37. A system comprising one or more computers and computer storage media storing instructions that when executed by the one or more computers, cause the one or more computers to perform operations comprising:
    • receiving, from a user device, a request to remotely play a video game, the video game being executed by the system and streamed to the user device for presentation;
    • executing the video game, and generating rendered image frames via execution of the video game;
    • generating geometry data associated with the rendered image frames, the geometry data representing locations of geometric elements that form geometry utilized, by the video game, to generate the rendered image frames;
    • encoding the rendered image frames into a gameplay stream; and
    • providing, to the user device, a first stream comprising the encoded gameplay stream and a second stream comprising the geometry data,
    • wherein the user device is configured to perform, based at least in part on the geometry data, post-processing effects on the rendered image frames encoded in the gameplay stream prior to display on the user device.
38. The system of embodiment 37, wherein post-processing effects comprise ambient occlusion, anti-aliasing, and/or generating three-dimensional audio.
39. The system of embodiment 37, wherein the geometry data comprises geometry data for a video game environment to be played, and wherein the geometry data is provided in response to receiving the request, such that the geometry data is pre-loaded onto the user device.
40. The system of embodiment 37, wherein the system generates respective geometry data for each rendered image frame, such that geometry data for elements included in each rendered image frame may be utilized by the user device to perform post-processing.
It should be emphasized that many variations and modifications may be made to the above-described embodiments, the elements of which are to be understood as being among other acceptable examples. All such modifications and variations are intended to be included herein within the scope of this disclosure.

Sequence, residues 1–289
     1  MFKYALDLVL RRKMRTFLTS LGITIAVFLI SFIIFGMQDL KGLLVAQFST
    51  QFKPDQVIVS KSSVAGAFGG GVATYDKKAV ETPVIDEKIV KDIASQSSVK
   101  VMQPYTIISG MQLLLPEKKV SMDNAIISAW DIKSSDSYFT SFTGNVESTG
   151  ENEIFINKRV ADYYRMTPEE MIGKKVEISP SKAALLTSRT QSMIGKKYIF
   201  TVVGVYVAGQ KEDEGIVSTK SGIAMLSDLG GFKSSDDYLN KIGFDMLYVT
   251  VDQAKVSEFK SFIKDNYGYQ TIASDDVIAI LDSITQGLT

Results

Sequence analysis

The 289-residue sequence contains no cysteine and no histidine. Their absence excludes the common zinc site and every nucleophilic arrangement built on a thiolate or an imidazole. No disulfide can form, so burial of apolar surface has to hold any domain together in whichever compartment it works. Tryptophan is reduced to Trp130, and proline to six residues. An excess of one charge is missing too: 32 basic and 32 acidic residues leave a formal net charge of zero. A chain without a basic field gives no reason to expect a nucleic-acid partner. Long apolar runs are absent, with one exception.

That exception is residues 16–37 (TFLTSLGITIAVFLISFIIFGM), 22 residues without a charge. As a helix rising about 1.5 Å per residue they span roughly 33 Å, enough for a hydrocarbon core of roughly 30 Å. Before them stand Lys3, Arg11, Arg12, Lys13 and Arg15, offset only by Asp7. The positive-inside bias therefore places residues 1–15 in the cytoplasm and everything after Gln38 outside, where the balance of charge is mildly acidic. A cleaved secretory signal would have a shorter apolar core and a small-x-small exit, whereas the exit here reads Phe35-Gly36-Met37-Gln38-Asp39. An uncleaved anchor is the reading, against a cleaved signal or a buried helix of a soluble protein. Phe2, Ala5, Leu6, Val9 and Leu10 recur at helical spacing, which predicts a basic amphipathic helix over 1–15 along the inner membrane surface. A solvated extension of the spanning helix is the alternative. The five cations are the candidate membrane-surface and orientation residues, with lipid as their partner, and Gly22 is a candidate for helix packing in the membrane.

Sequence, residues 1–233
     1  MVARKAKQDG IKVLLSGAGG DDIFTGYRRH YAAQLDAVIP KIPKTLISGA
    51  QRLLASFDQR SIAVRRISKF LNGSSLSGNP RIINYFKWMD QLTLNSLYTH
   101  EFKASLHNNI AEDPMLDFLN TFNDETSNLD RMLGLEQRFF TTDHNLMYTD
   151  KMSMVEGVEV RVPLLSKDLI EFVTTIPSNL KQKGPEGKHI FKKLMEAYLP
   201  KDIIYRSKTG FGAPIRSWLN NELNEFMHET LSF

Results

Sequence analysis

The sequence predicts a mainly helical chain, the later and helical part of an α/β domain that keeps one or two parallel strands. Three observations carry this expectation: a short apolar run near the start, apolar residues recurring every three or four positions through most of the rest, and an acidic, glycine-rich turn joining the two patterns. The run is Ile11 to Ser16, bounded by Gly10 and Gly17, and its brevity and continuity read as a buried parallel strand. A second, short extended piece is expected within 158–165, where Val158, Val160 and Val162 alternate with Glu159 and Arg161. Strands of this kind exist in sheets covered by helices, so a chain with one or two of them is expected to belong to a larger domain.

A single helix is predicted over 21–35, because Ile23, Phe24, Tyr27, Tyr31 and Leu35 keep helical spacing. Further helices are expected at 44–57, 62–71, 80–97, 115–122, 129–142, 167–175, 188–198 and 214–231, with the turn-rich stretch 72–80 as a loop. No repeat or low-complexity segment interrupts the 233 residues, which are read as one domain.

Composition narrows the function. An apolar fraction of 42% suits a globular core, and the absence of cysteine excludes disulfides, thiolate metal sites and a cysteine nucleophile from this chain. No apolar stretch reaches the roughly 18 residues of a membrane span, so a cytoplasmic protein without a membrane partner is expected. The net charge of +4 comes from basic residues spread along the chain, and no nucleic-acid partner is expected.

Claims (20)

The invention claimed is:
1. A computer-implemented method comprising:
under control of one or more hardware computing devices configured with specific computer-executable instructions, the specific computer-executable instructions stored in an electronic hardware memory,
receiving, from a user device, a request to remotely play a video game, the video game being executed by the system and streamed to the user device for presentation;
executing the video game, and generating rendered image frames via execution of the video game;
generating geometry data associated with the rendered image frames, the geometry data representing locations of geometric elements that form geometry utilized, by the video game, to generate the rendered image frames;
encoding the rendered image frames into a gameplay stream; and
providing, to the user device, a first stream comprising the encoded gameplay stream and a second stream comprising the geometry data,
wherein the user device is configured to perform, based at least in part on the geometry data, post-processing effects on the rendered image frames encoded in the gameplay stream prior to display on the user device.
2. The method of claim 1, wherein post-processing effects comprise ambient occlusion, anti-aliasing, and/or generating three-dimensional audio.
3. The method of claim 1, wherein the method further comprises: